In most World Cup years, much of the United States men’s player pool would have made their case for tournament inclusion well before the provisional roster is due. Those in Europe would have had at least a couple of weeks of ice baths and beach walks to rejuvenate themselves. And while MLS has often slated games up until the start of the group stage, players have been able to treat the start of the year as a tune-up to arrive to national team camp in midseason form.
That general approach went out the window (like many normalities) when FIFA awarded the 2022 World Cup to Qatar and switched to a November kickoff. The European leagues have a greater urgency to front-load their schedule to make up for the lost month of matches, leaving players open to missing the tournament due to simple one-to-two week knocks. MLS will have its season settled by week’s end, but any U.S. roster hopefuls who missed the playoffs will have gone without a game since October 9 — 43 days before the opener against Wales.
No matter how the schedule sits, those final league matches before a roster is finalized bring some of the greatest scrutiny and internal pressure a player will face in their career. Every performance carries extra weight as players attempt to make their closing arguments for inclusion. Fair or otherwise, a team’s struggles could color how a player is perceived as the roster is drawn up. And, as is often the case in soccer, arguably no position comes with greater pressure in the stretch run than striker — an area viewed with an obsessive focus on goal totals, which has seldom been the U.S.’s strong suit.
Throughout the first months of 2010, Herculez Gomez felt like he could play without pressure.
In January of that year, the striker left the Kansas City Wizards after they didn’t offer him a contract to get his career back on track in Liga MX. He couldn’t have made a stronger first impression, scoring 10 goals in 15 matches with Puebla to tie Javier Hernández and Johan Fano for the Clausura golden boot. Unlike Chicharito, however, Gomez had little reason to believe he was in contention for a World Cup roster. Not only had Gomez failed to feature in CONCACAF qualifying — he hadn’t suited up for the United States since their 2007 Copa América appearance.
Ultimately, a host of factors left the final tune-up friendlies before the 2010 World Cup as an open competition for the pool’s strikers. Jozy Altidore and Charlie Davies had entered qualifying as Bob Bradley’s first-choice center forwards, but the latter was involved in a career-altering car crash in October 2009. Eddie Johnson had done well in Greece with Aris, but was injured as the tournament neared. It re-opened the door for an in-form goalscorer like Gomez, who made the provisional 30-man roster as Bradley weighed his final decisions.
Gomez was one of six forwards called into that final camp before Bradley crystalized his 23-man squad for South Africa. Along with Altidore, Johnson and hold-up specialist Brian Ching, he was joined by fellow fringe hopefuls Edson Buddle and Robbie Findley. Gomez arrived for camp in East Hartford without any misconceptions about his longshot odds, but he still felt the pressure.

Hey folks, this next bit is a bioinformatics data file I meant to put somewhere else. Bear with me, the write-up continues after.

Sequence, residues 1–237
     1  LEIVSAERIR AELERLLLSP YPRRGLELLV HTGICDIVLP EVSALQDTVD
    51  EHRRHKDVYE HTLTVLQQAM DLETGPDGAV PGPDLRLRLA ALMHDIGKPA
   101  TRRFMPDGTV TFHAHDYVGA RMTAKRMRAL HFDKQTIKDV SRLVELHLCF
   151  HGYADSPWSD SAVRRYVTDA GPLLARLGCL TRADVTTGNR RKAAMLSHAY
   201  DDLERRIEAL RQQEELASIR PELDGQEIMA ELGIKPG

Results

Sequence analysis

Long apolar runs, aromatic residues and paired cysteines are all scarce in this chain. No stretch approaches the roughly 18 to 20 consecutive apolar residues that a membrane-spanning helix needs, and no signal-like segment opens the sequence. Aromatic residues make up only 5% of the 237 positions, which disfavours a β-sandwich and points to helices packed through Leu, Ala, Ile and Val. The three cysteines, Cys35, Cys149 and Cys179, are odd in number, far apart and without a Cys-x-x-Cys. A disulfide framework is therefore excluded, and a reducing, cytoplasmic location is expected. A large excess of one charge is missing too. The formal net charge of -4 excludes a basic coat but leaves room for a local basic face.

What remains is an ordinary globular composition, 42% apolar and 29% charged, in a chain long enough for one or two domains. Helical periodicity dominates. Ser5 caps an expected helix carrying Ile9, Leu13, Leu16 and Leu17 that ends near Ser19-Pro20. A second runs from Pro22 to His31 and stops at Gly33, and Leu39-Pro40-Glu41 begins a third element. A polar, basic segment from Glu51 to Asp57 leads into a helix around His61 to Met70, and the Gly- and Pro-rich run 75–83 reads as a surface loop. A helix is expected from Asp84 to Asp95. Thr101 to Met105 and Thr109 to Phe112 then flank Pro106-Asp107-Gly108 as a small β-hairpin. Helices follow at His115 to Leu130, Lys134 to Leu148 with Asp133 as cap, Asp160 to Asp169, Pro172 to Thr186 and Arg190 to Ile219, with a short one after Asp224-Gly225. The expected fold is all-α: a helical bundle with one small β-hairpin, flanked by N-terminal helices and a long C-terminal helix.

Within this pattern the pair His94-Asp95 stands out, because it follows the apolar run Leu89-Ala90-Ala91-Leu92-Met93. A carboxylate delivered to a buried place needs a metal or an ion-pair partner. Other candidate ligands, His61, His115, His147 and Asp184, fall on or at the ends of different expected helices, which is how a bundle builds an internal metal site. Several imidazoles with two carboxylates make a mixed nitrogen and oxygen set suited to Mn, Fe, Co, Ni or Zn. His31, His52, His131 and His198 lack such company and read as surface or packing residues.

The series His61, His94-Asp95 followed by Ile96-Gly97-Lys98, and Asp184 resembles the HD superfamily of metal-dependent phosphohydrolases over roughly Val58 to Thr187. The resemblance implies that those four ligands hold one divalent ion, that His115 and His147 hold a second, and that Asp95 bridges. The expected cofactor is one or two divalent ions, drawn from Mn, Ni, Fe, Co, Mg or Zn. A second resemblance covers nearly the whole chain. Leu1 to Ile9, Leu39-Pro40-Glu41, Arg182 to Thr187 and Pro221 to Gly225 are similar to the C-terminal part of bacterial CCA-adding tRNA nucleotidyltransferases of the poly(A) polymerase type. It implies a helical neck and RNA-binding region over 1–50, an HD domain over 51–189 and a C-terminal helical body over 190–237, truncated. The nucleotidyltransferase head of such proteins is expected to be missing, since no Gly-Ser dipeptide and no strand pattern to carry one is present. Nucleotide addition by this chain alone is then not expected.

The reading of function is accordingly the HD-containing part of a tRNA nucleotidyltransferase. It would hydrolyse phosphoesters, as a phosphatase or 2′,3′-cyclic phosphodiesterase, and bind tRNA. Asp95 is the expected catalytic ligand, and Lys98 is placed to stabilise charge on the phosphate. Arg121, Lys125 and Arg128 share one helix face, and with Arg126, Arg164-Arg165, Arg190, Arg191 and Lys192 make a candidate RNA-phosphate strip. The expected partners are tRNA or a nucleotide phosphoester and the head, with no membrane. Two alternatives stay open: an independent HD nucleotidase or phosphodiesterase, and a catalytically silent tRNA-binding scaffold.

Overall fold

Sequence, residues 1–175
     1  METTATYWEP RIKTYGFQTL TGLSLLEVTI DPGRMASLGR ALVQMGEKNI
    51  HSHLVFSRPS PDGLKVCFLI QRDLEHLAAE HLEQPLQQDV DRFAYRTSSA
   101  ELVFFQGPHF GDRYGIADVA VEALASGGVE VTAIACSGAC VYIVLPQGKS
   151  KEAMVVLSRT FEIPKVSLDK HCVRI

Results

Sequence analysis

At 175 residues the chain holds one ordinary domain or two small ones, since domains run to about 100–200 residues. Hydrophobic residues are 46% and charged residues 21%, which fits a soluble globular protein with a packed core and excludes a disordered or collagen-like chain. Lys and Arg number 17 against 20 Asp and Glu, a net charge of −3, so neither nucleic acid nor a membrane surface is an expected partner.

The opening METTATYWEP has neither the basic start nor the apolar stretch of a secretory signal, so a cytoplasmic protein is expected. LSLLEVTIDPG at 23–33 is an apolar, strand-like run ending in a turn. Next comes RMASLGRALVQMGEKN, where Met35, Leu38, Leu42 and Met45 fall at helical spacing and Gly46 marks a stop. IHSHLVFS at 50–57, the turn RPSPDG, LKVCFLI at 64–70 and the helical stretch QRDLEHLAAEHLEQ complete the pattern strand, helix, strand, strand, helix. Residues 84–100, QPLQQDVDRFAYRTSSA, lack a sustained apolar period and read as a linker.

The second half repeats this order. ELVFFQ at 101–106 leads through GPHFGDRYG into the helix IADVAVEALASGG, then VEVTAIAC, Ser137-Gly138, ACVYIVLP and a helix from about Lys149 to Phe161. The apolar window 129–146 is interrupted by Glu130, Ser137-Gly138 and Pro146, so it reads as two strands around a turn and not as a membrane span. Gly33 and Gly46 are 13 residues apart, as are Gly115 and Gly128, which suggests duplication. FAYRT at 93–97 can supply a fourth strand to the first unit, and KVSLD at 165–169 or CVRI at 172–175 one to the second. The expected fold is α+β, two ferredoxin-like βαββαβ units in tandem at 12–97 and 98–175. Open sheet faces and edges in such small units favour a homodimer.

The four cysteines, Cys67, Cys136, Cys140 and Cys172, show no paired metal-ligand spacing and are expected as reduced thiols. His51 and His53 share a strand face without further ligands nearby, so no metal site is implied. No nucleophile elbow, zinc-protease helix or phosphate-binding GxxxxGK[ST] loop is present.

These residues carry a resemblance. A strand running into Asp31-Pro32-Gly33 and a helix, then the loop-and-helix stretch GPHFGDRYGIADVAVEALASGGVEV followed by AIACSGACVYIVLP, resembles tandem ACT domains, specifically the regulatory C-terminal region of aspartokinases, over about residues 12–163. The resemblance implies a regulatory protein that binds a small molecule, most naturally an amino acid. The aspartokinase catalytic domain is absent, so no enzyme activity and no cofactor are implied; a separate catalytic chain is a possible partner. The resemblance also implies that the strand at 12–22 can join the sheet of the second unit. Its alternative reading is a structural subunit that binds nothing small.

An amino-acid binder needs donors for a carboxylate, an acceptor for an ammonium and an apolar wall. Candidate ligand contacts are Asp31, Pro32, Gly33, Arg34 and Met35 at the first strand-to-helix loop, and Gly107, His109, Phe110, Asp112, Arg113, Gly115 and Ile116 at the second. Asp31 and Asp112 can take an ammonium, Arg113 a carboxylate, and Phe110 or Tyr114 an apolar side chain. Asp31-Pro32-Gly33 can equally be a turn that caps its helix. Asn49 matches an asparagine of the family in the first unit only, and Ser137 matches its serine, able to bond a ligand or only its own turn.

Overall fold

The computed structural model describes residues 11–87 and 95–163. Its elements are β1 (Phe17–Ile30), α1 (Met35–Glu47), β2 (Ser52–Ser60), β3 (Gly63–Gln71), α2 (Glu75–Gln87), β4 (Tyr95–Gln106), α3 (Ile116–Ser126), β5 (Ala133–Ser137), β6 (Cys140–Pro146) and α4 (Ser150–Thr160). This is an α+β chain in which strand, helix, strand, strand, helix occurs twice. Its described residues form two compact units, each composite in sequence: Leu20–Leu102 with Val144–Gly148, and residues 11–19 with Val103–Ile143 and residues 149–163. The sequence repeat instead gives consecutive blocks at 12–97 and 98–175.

“I just remember thinking to myself, I’m not part of this team,” Gomez told The Athletic. “Any fitness drill, any shooting drill, finishing drill, whatever the case may be, I have to be top three. I have to be a guy that stood out because if not, I wasn’t going to make the World Cup. I got to the stadium and I got into the locker room and the numbers went one through 30. I’m looking for my name, I’m looking for my number, and as I keep going down, it’s like further down. Twenty five. Twenty six. Twenty seven. Twenty eight. Twenty nine…
“There I am: 30. Thirty of 30. That’s when the reality hit me: if I want to go, it’s now 30 of 30. The pressure for the roster really hit me. That was the only time I really felt it.”
As you’d expect, Gomez began the opening match of the camp against the Czech Republic from the bench. He checked in at halftime, with 45 minutes to make his case against one the world’s best goalkeepers of all-time, Petr Cech. Ives Galarcep’s live blog of the friendly serves as a good encapsulation of his shift, tracking just about every involvement Gomez had.
“Gomez with 45 minutes to state his case for a spot. Neither Johnson or Buddle were all that stellar in the first half,” Galarcep wrote as the second half started. Then in the 64th minute, “GOMEZ WITH A BLAST right at Cech” after a back heel from Ching. And two minutes later… “GOAL USA!!! And it’s Herculez Gomez with the FINISH!”
It was Gomez’s first goal for the United States — and it couldn’t have come at a more pivotal time, as his elation made clear. After the camp, Gomez joined Altidore, Buddle and Findley on the World Cup roster. Even with the inescapable pressure in Connecticut, his determination paid off.
“It’s a very difficult moment not just for a striker, but for any player thinking every single day is that day where you have to stand out… but even more so for a goalscorer,” Gomez said. “We live and die by the amount of goals we score. You could be very good in combination play, help the team with the little things defensively, tactically, everything as far as being a team player, but at the end of the day, you’re there to score goals. I guarantee you if I don’t come off the bench against the Czech Republic and score a goal, I don’t go to the World Cup.”
Fast forward a dozen years to Gomez now working for ESPN as one of the U.S.’s most prominent soccer pundits. In October, he was in Austin to cover second-year MLS side Austin FC’s match against FC Dallas. There, he had a first-hand look at possibly this cycle’s most scrutinized U.S. striker: Jesús Ferreira.
This is the first year in which Ferreira has played as an out-and-out striker. Last year, he was the deep-lying deputy for Ricardo Pepi, as his teammate was anointed the U.S. national team’s successor to Altidore and earned a move to FC Augsburg. After that transfer, Ferreira signed a big extension to stay in Dallas as a designated player for years to come. He’s rewarded the club for their confidence, winning MLS’ young player of the year award after scoring 18 goals and adding six assists.
With the U.S. team, however, his misses have garnered far more attention than his goals. He missed several chances against Panama and El Salvador late in World Cup qualifying, and while his club form helped rebuild fans’ confidence, he sent a close-range header over the bar in a friendly against Uruguay. His performances in September were largely forgiven, as the entire U.S. squad looked outmatched against Japan and languid against Saudi Arabia. It put even more pressure on his league form, though, which was enough to vault FC Dallas to third place in the West at regular season’s end.
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Ferreira had another crucial miss in the playoff opener against Minnesota United, flubbing his first touch and negating any chance at a shot as the ball thunked into Sebastian Lletget’s path. While he made his penalty in the ensuing shootout, he wasn’t able to make much of an impact as Austin took a 2-0 lead into halftime a week later. All season, Dallas head coach Nico Estévez — in his first year with the team after working under Gregg Berhalter with the USMNT — had trusted Ferreira up top. As Ferreira struggled to finish and the scrutiny around him from fans and media alike reached a crescendo, the coach made a dramatic change.